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Dividing and Shipping Hostas

Digging, Dividing and Shipping Posted by seedseller1 4 IA (My Page) on Sat, Mar 12, 05 at 21:21

The following is a "reconstruction" of the post that I submitted last year and have had several requests to resubmit:


First is to acquire a plant. If it is one that is already in your bed, you will need to dig it up. Place the shovel far enough from the base of the plant to start digging beyond the rootball. We want to keep root damage to a minimum.

Remove the shovel without lifting the soil and insert it on the opposite side of the plant in the same manner.

This time the plant may be lifted out if it is smaller like the one in the pic. For more mature specimens, you may want to repeat this procedure all the way around the plant to avoid root damage. If your hosta is already potted, simply remove it from the pot.

After the plant is lifted, gently remove the excess soil that will readily fall from the rootball. GENTLY shaking the plant will remove some excess soil without taking roots with it. Remove the remaining soil from the rootball with the use of water. Thoroughly washing the rootball will allow you full view of the root structure and crown.

After thorough washing, examine the crown and make a decision as to where it may be the most easily divided to ensure an "eye" and a generous amount of roots below it. Sometimes a single eye can be removed, but sometimes multiple eyes are the only option to allow a balanced portion of roots to go with it. Manually separate the roots (sometimes they need to be untangled) to verify your decision was correct.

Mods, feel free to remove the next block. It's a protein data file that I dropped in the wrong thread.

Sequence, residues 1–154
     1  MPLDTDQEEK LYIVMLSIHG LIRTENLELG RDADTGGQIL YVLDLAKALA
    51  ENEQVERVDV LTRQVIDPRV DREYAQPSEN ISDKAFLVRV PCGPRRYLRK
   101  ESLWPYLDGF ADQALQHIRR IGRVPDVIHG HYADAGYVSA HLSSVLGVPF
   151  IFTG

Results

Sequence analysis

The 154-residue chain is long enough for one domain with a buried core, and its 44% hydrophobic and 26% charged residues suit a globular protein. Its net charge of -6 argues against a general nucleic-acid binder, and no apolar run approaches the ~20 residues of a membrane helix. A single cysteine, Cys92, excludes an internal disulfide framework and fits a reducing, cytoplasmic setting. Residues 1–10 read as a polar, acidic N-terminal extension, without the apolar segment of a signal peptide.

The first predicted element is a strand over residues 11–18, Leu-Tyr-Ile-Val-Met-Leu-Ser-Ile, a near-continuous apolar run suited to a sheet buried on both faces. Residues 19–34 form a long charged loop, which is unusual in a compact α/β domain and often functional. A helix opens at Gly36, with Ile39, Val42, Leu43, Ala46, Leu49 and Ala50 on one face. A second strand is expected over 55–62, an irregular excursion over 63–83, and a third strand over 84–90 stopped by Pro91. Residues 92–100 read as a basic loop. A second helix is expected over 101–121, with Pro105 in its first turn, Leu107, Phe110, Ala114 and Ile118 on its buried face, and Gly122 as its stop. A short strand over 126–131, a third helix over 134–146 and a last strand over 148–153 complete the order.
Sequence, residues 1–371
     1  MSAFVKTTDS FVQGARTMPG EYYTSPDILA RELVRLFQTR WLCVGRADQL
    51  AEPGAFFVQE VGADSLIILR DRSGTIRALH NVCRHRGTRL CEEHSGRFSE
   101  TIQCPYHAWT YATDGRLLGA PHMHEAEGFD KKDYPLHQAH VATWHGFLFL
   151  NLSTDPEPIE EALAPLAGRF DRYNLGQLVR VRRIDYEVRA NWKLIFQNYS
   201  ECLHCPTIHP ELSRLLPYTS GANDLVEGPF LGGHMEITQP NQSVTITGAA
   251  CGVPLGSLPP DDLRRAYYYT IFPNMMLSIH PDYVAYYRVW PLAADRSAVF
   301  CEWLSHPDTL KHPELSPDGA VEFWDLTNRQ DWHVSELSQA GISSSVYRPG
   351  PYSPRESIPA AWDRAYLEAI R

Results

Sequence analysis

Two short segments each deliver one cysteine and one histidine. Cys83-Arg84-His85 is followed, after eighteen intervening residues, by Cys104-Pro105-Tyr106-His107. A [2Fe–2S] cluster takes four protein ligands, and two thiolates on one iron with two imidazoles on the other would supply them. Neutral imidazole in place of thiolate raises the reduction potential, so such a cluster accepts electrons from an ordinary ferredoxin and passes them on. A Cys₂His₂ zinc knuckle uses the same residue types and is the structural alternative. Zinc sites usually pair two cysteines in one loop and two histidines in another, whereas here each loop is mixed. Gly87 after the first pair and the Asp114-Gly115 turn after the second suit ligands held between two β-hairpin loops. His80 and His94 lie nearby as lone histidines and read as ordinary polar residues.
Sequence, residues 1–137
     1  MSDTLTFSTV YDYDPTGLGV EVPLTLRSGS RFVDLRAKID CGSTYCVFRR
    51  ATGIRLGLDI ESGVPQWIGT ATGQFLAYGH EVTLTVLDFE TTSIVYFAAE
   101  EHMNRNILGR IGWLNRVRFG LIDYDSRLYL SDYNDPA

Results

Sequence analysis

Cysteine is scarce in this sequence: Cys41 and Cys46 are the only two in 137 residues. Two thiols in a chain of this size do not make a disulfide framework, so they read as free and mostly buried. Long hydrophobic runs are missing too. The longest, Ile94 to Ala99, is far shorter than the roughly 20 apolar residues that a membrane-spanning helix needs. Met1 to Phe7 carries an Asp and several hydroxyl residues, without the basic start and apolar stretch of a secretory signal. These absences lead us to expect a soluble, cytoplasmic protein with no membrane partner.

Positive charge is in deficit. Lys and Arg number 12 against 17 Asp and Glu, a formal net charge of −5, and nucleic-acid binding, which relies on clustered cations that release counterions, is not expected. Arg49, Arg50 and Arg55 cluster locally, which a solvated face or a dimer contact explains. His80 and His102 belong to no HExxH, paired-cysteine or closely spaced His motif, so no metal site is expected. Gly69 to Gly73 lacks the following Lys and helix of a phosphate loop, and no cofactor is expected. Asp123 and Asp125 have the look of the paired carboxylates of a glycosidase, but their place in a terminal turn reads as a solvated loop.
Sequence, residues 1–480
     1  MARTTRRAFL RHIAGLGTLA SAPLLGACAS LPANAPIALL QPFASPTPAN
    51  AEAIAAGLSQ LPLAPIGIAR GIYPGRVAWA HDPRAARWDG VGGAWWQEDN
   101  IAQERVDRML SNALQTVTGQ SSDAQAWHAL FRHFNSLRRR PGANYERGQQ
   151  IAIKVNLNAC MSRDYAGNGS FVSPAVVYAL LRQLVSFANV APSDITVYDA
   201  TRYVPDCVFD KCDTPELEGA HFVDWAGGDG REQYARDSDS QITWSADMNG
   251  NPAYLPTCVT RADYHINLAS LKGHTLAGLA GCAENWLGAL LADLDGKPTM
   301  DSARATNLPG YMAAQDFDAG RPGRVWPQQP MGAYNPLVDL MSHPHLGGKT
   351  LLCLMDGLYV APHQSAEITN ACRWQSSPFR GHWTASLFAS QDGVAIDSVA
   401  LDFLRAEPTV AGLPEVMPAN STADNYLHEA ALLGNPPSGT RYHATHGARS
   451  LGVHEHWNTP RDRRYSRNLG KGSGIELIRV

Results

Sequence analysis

Next comes dividing the crown. This is most easily accomplished using a large knife. Be sure to disinfect it using at least a 20% bleach solution. Sometimes the division can be made with one straight cut, but more frequently you may find that you will need to cut to the center of the crown, go to the "flip side" of the plant, and make an incision that intersects your first cut. The first cut to the center of the crown.

Flip the plant over and cut the crown to meet your first cut.

The result should yield a division with at least one eye, a proportionate amount of the crown, and sufficient roots.

If you have already determined your specimen for shipping and would like to do your division now, you may simply repot the division until shipping time. If you are preparing your hosta to ship immediately, the next step is to wrap the roots in moistened paper towels, leaving the tops exposed.

This should be followed by wrapping the paper-toweled wrapped roots in a plastic bag. Depending on the size of the plant, you can use a sandwich bag to a plastic grocery bag, whatever will work, and secure it with a rubber band. This is also an appropriate time to label the hosta.

Follow this step by "rolling" the plant in several layers of newspaper, being especially careful to lay out existing leaves to avoid damage. The ends of the rolled newspaper can then be folded over and taped, again being careful not to fold the leaves or roots.

All that is left is to obtain a properly sized Priority Shipping box from your local post office (free), and insert the hosta, and fill any voids in the box with shipping "peanuts" or crumpled or shredded newspaper to keep the wrapped hosta in a secure position within the box.

Mike


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